• São Paulo Inova: Support for companies in the state of São Paulo, technology-based and innovative in their initial stage or in the process of opening
  • Soft landing: possibility of exchanging companies in technology parks, through a program called soft landing.

4. Gain competitivity with optmized transfer price

One of the main barriers to entry into Brazil is import duties.

Having a subsidiary in Brazil makes it possible to apply a transfer price as low as possible – respecting the rules in force – to reduce this tax burden.

In Brazil, the Transfer Price calculation methods for imports are:

  • Resale PRL (resale price minus profit method);
  • PIC (independent compared price method);
  • PRL production (production cost minus profit method);
  • CPL (production cost plus profit method);
  • PCI (Price under Import Quotation).

5. Dividend returns are not taxed

Dividends are currently not taxed in Brazil.

A subsidiary will therefore be able to return its profits to its head office without tax on the transfer.

One of the best optimization schemes for development in Brazil is therefore a transfer price policy that is as competitive as possible with a local resale margin placement, the profits of which can be returned tax-free to the headquarters.

However, be aware that a reform has been proposed with the suggestion of 20% WHT. The rate could go to 30% if the beneficiary is in a tax haven jurisdiction or enjoys a “privileged tax regime”.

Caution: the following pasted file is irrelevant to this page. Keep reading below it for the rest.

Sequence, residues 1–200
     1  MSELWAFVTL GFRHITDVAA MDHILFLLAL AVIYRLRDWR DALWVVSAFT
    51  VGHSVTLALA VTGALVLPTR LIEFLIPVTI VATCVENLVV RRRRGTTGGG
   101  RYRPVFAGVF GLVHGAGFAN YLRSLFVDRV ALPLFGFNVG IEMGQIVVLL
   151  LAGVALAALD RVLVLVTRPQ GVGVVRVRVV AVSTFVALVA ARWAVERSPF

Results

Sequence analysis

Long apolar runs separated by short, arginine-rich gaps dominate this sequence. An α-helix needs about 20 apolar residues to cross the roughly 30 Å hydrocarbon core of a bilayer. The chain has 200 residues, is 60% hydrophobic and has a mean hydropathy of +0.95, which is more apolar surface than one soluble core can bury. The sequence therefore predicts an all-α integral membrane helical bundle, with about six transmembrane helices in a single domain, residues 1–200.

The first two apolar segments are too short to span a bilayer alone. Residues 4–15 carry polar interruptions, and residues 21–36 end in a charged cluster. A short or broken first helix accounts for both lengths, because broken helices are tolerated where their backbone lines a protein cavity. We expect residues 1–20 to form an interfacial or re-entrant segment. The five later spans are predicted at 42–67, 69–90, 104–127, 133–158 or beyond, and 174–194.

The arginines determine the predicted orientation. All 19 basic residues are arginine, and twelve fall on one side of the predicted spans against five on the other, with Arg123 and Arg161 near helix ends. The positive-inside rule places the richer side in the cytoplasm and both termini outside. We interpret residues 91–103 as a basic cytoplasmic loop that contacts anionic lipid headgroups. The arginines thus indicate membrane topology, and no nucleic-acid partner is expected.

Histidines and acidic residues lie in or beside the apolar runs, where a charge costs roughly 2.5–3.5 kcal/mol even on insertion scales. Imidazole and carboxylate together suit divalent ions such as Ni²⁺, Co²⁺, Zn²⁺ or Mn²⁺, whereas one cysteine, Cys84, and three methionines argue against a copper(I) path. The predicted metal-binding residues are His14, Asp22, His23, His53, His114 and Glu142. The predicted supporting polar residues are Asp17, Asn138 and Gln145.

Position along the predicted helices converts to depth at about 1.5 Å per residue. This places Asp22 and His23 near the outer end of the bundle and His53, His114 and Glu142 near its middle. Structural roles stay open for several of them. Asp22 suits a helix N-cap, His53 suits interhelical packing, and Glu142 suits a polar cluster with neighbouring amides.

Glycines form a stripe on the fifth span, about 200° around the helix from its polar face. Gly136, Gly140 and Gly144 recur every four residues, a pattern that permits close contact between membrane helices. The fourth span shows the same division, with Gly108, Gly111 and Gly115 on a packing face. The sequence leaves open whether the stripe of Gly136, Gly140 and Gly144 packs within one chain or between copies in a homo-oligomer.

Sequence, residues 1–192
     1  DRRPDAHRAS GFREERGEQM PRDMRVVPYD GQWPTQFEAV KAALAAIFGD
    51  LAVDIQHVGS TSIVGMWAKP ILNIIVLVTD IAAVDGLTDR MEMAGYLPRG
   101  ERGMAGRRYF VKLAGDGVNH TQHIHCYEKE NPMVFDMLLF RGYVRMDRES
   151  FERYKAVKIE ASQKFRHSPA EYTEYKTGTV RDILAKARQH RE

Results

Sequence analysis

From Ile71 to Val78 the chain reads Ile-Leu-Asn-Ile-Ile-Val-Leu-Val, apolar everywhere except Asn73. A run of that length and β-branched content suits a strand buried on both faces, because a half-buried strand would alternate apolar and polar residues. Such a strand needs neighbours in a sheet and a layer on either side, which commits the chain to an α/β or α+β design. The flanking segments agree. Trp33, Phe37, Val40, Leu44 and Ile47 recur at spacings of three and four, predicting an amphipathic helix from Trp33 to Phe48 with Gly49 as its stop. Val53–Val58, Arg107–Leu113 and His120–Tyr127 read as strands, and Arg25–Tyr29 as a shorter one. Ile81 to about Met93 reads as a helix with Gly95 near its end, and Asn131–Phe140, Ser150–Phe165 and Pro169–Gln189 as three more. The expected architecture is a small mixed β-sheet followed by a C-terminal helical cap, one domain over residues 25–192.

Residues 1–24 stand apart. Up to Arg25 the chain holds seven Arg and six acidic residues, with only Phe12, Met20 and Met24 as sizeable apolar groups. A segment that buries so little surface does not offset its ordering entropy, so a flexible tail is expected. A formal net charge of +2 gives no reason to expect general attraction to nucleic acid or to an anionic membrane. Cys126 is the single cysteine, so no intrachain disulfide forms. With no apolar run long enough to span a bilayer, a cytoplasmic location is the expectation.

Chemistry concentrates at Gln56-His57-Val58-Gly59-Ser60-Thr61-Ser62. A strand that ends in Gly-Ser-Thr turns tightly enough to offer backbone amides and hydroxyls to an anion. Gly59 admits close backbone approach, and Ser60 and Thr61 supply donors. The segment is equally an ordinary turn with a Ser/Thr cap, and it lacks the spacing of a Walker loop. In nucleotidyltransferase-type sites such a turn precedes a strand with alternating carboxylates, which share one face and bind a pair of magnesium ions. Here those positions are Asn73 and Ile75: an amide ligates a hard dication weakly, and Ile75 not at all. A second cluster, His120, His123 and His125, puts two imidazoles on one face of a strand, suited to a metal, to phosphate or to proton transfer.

The interests of opening a subsidiary in Brazil are great but there are also risks if you are not yet sure of your market and/or your positioning. This is not a step to be taken lightly.

Indeed, opening a subsidiary in Brazil requires a lot of time and money; and maintaining it is hard work.

  1. Opening a subsidiary in Brazil takes time and money

Let’s start with the opening. This takes time, especially for a company that will have to be able to import later, because of the many bureaucratic processes at different court level (Federal, States, Municipal) that must be gone through and that cannot be done in parallel, each step depends on the previous one.

On the other hand, some administrative tasks, usually simple, may be as long as opening a bank account. 

Opening a subsidiary will take about three to five months. However, if you need it to be able to import, you will have to add about three additional months to it. Therefore, stablishing a fully operational import subsidiary in Brazil can take 6 to 8 months.

And this time is considered without counting situations where we must obtain health licenses such as ANVISA for cosmetics, food supplements and pharmaceutical and medical products, or MAPA for food and agriculture-related products. In this case, the necessary licenses will take at least a year to obtain.